The Associate Solicitor's memorandum also ex plained that, after the Delaware Tribe relocated to Cherokee territory, both Congress and the Executive Branch had treated the Delaware Tribe as an independ ent tribal entity with the ability to carry out tribal gov ernmental functions. For instance, the Delaware Tribe over the years maintained a functioning government in the form of a Business Committee and a general council, and the Tribe in 1958 formalized its government in by laws approved by the Department of the Interior. The Associate Solicitor also observed that this Court, in Del aware Tribal Business Committee v. Weeks, 430 U.S. 73, 77 (1977), had affirmed that the Delaware Tribe was a federally recognized Tribe. For those reasons, the Asso ciate Solicitor's memorandum determined that the posi tion adopted in the 1979 letter, viz., that the Delaware Tribe generally was to be dealt with only through the Cherokee Nation, was inconsistent with the historical record and with the Department's treatment of the Del aware Tribe for nearly a century. C.A. App. 247-266.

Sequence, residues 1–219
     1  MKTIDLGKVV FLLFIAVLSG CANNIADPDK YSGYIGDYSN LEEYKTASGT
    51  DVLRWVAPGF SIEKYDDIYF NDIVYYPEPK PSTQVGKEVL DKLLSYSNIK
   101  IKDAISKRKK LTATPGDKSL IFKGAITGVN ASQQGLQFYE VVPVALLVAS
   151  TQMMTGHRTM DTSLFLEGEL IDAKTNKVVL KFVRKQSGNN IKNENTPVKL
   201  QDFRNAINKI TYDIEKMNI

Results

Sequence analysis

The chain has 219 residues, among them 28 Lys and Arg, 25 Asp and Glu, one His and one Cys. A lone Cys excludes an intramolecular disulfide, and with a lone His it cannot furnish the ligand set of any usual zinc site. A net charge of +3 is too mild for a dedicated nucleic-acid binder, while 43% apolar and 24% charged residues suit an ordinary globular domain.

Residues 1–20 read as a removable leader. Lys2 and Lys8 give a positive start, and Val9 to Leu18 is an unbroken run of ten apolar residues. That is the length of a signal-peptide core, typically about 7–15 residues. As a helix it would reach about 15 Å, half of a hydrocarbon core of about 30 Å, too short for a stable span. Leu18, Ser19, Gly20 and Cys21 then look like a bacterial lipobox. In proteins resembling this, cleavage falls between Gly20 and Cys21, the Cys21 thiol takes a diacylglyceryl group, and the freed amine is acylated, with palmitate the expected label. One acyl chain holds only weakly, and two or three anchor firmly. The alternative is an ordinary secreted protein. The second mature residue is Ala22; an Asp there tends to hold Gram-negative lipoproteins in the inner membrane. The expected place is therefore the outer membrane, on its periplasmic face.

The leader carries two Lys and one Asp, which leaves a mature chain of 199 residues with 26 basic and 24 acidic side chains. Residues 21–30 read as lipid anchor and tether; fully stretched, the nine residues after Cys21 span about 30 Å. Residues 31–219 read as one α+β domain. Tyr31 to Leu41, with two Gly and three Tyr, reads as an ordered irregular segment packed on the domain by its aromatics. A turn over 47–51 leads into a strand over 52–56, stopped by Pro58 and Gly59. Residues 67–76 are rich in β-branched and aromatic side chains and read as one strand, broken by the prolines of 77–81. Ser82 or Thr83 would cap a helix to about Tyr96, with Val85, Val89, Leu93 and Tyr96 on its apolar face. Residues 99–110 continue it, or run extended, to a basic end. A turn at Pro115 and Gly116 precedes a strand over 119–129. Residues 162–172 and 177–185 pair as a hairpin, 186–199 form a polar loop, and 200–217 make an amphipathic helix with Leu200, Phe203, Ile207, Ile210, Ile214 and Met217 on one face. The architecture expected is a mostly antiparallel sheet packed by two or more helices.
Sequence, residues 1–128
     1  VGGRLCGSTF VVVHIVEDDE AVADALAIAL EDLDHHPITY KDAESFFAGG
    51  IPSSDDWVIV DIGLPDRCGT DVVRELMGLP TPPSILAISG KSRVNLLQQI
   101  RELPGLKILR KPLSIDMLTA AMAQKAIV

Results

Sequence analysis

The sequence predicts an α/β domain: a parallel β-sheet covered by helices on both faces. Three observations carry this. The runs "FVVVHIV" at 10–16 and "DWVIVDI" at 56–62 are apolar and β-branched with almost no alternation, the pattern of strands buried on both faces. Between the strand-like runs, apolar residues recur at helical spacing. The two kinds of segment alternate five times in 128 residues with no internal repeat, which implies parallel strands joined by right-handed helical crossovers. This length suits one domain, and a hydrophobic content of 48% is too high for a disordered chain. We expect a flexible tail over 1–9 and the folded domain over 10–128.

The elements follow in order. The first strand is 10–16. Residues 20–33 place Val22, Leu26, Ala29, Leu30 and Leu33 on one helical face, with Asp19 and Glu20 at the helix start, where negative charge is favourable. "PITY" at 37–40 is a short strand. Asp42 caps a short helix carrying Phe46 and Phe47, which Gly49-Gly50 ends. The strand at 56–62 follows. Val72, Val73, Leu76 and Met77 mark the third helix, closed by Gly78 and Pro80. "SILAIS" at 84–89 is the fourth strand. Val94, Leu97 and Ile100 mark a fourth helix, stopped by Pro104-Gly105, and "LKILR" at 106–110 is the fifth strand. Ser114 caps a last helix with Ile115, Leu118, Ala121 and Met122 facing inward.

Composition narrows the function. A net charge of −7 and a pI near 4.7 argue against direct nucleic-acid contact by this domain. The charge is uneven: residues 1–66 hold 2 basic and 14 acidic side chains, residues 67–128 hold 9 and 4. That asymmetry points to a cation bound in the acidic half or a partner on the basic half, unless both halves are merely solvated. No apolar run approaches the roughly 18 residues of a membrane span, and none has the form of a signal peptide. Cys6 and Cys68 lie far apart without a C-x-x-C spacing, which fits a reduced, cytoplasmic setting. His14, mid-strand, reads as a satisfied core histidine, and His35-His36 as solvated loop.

2. On October 2, 1996, respondent Cherokee Nation brought an action under the Administrative Procedure Act, 5 U.S.C. 701 et seq., seeking to overturn the Depart ment's 1996 decision to restore direct, government-to- government relations with the Delaware Tribe. The action was filed in the District Court for the District of Columbia. That court granted the government's motion to dismiss under Federal Rule of Civil Procedure 19, on the ground that the complaint had failed to name an in dispensable party, the Delaware Tribe, which could not be joined due to its sovereign immunity. Cherokee Na tion of Okla. v. Babbitt, 944 F. Supp. 974 (D.D.C. 1996).